A new diagnosis of cystic fibrosis affects the whole family. It’s a complex genetic condition that affects not just the lungs, but the digestive system and other parts of the body too. Through the helpline, I hear all kinds of reactions, from people who immediately galvanise themselves for fundraising or want to immerse themselves in reading about the condition, to others taking it one day at a time and trying not to overload themselves with information.
Grandparents often ask “was I the one carrying the cystic fibrosis gene – should I have known?”, while aunts and uncles may ask for help understanding the genetics and what it means for their family. We have the resources and support they need, and time to listen to their worries and fears. I can put them in touch with other relatives through our CF Connect scheme, and always signpost grandparents to our video of the wonderful Anne, who shared her experience of her grandson’s diagnosis with us.
2. You may worry about calling (there’s no need!)
Everyone apologises to us – “sorry, I know you’re busy”, “I’m just ranting now”, “I’m afraid I might cry” – it’s okay! We’re never too busy and sometimes you need to rant or cry, especially to someone you don’t have to worry about upsetting! I’ll let you in on a secret: sometimes, we get as cross as you do about the situation your family and thousands of others across the country are facing. We’re here for you – and there’s no such thing as a ‘silly question’.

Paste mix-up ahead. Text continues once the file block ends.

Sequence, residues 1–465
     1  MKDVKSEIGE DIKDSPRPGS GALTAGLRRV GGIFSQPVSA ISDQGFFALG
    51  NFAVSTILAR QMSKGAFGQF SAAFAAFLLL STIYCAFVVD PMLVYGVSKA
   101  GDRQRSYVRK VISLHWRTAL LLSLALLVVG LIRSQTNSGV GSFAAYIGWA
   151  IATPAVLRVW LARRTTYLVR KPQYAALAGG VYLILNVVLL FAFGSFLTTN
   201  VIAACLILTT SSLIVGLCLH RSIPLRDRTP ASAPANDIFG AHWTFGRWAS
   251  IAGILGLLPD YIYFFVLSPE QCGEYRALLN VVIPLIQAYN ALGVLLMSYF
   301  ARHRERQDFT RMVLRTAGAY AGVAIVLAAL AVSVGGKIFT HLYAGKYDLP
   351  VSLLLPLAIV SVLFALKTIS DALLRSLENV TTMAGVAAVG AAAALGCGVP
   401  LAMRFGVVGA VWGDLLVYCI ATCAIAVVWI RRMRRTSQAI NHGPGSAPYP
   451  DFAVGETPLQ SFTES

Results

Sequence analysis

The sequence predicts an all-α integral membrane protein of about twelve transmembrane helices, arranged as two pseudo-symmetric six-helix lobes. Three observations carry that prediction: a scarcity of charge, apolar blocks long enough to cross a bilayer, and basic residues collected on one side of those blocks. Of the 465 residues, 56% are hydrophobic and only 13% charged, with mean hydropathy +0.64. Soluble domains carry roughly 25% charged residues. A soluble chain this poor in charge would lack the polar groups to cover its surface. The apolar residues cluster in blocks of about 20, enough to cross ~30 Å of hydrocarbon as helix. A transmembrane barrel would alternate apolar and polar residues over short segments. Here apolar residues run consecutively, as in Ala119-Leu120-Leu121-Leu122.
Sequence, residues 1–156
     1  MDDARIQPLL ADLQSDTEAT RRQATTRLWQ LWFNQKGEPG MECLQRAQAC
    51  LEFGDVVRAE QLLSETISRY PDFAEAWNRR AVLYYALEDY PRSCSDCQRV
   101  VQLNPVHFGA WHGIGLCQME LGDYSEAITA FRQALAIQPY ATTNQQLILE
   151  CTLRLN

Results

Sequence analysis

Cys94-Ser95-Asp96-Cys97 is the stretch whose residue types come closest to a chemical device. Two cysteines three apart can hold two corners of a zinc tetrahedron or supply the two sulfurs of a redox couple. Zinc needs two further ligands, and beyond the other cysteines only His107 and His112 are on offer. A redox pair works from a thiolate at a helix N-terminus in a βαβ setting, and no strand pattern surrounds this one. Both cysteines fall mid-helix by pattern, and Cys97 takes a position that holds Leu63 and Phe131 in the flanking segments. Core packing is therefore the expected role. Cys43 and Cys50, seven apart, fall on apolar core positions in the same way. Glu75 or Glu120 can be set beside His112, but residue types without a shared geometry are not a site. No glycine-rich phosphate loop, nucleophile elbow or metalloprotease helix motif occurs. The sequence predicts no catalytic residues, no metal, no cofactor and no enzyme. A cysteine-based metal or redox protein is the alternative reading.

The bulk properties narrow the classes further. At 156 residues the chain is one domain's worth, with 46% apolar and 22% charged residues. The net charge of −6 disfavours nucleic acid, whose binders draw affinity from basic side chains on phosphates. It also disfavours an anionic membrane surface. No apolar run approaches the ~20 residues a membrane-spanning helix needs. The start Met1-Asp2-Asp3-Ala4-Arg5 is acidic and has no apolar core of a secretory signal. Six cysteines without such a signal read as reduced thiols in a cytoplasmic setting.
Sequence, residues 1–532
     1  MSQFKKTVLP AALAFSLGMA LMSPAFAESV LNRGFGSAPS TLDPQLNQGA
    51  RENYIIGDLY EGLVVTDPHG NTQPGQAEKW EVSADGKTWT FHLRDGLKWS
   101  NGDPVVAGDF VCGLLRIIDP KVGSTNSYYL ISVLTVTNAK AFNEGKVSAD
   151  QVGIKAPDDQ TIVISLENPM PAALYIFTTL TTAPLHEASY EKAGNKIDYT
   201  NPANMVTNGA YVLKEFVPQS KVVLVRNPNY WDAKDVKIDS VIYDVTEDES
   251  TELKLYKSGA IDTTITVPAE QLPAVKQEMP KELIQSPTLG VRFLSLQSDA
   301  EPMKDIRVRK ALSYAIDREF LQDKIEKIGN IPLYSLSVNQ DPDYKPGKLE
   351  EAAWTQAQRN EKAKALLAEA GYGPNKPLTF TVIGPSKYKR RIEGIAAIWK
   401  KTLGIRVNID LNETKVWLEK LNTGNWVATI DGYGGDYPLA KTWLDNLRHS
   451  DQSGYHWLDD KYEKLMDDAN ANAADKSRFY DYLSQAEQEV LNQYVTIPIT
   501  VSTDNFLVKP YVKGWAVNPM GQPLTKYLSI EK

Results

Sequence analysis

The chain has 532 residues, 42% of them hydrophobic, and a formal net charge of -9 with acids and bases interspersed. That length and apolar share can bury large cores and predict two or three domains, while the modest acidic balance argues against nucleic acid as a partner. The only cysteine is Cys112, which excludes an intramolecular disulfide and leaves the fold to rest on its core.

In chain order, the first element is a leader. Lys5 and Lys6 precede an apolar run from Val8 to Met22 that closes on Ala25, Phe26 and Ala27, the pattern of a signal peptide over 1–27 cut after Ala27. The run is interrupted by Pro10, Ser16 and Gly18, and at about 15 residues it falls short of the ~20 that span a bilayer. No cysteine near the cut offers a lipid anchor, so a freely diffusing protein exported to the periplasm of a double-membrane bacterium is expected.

3. It’s more personal than you think
People often expect their call or email to be answered by someone in a call centre, but we’re a small team. We each try to keep up with all of the emails we received, and usually know most of the calls too – we’re likely to remember you and what you called about. We’re completely confidential, so we won’t share the details of the calls outside of the team.
We try to answer every enquiry within three days, with an out-of-hours answering and email service. Sometimes, if it’s a really complex enquiry, it may take a little longer for us to find the answer – for example a complicated query about access to education support – but we’ll always let you know that we’re on the case!
4. We’d love to know what happens next
We rarely hear what happens after we’ve dealt with an enquiry. We may be busy, but we’re a small team and we remember individuals; we’d love to hear how the community is getting on. We don’t forget about our callers a few weeks or months after we’ve signed off an email or put down the phone, and feedback could help us provide a better service for the next person who calls us needing support. Let us know how you get on; it’ll help me sleep easier at night, and could help us to support more people in future.
5. Every enquiry is as unique as the individual sending it
Everyone is unique, so there are no ‘copy and paste’ responses from me or the team! It’s our job to make sure you get the right information and support at the right time – and we’ll do our best to make sure this happens with every call. Whether you want a detailed answer with links to research papers or just some friendly reassurance, I try to listen carefully to understand what I’m being asked for and provide a personal answer each time.
If you want to get in touch with the helpline, you can do so by calling 0300 373 1000 or 020 3795 2184, or by emailing firstname.lastname@example.org.